Reading environmental justice through a political ecology lens

@ATREE auditorium at 3.45 pm on 6th November 2015


Environmental justice and political ecology are related academic fields that have grown to provide leading approaches to socio-environmental analyses. In addition to commonalities, there are also substantial differences between the two approaches. Recognition, procedural justice and distributive justice form the key elements in the environmental justice literature. Through the lens of political ecology, we here present a critical reading of the treatment of these elements. We also examine the present emphasis on plurality and the focus on communities within environmental justice. For political ecologists, insights may be gained from this reading, but there are also what we see as shortcomings. Paradoxically, at a time when environmental justice scholars seem to be less concerned with distributive justice in terms of economic benefits and burdens, we argue that this is where empirical studies of environmental interventions may gain the most from drawing on justice principles. Furthermore, while recognition and procedural justice represent essential elements to study, we find that the focus on these elements within environmental justice tend to downplay power and structural explanatory factors. We also propose how the notion of recognition may be better specified, and we find that environmental justice seems not to have taken on board the critique of ‘communities’ as homogenous units. Finally, we argue that the current focus on ‘plurality’ may lead to cultural relativism and ignore important causes within the broader political economy.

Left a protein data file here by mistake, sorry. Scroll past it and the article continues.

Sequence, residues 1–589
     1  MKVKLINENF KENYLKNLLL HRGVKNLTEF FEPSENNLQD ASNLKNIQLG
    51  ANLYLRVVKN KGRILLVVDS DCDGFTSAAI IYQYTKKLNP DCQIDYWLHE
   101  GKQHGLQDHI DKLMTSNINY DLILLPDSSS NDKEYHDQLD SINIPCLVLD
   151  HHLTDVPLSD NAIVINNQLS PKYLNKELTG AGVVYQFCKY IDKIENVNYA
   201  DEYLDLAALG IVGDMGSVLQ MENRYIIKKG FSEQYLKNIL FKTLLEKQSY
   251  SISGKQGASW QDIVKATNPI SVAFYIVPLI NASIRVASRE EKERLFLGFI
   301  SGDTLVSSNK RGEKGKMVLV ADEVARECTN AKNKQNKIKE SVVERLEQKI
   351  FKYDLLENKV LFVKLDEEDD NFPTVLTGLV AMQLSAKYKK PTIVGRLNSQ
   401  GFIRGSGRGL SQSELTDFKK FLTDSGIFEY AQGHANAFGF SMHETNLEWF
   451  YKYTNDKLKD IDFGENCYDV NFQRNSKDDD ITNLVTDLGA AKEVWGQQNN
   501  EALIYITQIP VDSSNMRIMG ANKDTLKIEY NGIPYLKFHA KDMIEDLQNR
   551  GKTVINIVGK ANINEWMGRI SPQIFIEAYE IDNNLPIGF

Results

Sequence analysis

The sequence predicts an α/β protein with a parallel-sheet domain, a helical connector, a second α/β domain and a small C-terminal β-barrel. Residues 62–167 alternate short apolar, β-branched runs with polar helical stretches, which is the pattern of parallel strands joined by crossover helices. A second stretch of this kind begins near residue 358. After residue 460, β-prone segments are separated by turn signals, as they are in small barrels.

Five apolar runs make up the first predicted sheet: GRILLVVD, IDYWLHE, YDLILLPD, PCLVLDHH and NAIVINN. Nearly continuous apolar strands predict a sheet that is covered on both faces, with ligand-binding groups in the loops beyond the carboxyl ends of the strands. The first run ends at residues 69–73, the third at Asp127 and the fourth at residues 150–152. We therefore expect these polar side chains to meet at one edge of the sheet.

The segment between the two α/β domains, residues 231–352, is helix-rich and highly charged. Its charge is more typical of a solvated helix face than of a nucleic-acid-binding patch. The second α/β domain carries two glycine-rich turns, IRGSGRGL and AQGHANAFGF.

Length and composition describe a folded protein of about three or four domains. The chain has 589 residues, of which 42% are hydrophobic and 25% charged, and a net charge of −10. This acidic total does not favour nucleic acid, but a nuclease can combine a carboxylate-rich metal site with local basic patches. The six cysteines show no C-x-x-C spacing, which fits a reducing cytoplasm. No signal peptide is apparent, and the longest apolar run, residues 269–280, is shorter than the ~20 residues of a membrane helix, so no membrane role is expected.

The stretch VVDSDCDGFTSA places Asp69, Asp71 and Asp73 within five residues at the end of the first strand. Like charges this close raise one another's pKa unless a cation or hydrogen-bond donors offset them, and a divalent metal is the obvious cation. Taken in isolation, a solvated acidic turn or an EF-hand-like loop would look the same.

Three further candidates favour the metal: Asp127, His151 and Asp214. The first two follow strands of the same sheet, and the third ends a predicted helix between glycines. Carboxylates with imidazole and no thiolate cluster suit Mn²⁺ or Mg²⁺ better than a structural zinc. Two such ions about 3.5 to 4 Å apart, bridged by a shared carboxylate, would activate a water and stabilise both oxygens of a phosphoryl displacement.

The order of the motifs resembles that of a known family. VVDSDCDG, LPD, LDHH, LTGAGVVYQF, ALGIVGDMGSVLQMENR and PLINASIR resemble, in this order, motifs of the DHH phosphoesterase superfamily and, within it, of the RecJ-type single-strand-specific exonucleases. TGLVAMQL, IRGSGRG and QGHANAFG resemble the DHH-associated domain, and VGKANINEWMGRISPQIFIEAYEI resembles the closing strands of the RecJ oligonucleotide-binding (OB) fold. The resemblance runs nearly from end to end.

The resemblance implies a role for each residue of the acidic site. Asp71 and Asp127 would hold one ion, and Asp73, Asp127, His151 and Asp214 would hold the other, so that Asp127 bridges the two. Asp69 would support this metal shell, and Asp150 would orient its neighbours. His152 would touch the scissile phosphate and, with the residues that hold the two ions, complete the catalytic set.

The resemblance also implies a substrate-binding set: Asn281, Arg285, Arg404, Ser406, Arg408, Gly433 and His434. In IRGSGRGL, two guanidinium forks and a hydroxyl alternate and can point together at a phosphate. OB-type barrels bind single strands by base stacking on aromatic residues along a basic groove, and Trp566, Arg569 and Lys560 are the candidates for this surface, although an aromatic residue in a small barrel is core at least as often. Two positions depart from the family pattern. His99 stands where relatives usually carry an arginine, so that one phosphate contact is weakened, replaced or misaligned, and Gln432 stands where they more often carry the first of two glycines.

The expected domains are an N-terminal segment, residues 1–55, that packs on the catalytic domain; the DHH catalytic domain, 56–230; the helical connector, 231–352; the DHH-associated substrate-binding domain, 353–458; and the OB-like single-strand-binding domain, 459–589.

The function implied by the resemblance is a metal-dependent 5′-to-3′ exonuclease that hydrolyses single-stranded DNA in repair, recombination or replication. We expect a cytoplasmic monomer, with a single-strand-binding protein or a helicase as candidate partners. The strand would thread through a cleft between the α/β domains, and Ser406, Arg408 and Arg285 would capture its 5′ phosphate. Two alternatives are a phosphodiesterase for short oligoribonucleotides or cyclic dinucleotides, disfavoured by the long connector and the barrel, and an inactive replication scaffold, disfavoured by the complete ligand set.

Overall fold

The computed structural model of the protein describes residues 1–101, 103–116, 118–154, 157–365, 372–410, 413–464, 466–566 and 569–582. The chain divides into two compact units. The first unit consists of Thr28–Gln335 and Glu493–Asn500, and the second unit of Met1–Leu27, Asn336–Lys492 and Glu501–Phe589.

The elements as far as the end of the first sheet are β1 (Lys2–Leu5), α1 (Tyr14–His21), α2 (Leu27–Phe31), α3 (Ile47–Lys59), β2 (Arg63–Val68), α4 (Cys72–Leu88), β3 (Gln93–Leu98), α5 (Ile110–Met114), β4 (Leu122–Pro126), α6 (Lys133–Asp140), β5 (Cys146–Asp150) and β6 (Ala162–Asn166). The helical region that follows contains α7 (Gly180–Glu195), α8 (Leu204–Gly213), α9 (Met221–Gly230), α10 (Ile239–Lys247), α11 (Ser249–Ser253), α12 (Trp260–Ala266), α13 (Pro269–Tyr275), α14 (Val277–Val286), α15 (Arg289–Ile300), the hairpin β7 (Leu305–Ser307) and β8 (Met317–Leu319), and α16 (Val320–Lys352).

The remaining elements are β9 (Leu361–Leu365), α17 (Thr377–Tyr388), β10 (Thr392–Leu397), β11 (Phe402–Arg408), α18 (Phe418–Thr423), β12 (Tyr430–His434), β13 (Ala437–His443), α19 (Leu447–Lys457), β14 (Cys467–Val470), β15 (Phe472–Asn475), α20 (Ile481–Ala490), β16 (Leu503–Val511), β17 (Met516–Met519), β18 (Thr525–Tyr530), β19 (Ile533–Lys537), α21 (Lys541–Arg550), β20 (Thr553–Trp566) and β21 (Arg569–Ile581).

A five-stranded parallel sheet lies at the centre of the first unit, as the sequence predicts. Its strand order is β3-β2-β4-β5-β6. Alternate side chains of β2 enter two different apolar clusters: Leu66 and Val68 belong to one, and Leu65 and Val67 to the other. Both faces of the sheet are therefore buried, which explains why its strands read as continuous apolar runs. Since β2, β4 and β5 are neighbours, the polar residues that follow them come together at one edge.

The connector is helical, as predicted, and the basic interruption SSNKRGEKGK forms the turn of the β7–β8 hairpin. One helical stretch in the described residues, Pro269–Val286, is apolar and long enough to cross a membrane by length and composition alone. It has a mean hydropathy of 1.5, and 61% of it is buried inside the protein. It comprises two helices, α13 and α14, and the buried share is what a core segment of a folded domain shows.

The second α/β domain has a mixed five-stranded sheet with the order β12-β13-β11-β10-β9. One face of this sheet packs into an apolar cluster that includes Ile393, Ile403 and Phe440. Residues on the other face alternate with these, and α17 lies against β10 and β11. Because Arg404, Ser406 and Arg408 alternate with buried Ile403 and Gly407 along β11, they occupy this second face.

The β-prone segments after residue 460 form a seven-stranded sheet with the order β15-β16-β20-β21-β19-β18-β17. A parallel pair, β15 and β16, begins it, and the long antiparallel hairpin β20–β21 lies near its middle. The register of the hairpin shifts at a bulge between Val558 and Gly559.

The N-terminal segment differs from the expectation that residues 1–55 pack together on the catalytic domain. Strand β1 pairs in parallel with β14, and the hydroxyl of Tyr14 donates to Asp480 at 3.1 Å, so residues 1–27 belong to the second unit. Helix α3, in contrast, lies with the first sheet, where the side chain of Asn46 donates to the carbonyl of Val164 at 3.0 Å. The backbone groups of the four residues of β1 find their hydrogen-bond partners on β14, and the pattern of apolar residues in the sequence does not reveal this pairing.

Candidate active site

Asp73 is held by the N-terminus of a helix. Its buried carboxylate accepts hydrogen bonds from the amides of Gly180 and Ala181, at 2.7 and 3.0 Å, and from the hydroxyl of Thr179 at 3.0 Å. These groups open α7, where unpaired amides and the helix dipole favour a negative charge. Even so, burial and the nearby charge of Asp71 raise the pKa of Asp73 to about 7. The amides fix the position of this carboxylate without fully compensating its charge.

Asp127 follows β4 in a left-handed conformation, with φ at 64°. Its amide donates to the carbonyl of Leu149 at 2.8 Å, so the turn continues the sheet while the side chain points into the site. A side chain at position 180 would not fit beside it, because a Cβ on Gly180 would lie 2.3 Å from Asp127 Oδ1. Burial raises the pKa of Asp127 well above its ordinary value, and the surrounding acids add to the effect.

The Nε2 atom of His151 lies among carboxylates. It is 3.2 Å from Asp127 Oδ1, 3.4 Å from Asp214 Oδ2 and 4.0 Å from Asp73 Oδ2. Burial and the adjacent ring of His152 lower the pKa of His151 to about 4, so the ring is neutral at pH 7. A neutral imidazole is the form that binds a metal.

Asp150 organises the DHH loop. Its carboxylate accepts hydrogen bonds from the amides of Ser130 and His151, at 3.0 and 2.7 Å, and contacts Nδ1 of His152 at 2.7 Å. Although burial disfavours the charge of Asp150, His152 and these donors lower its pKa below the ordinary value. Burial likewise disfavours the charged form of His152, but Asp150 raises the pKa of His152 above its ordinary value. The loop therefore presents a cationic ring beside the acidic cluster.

About the speaker

Tor A. Benjaminsen is a human geographer and a professor of development studies at the Department of International Environment and Development Studies (Noragric) at the Norwegian University of Life Sciences. He carries out research on environmental change, land use conflicts, and conservation policies and narratives, mostly in Africa, but also more recently in the Norwegian Arctic.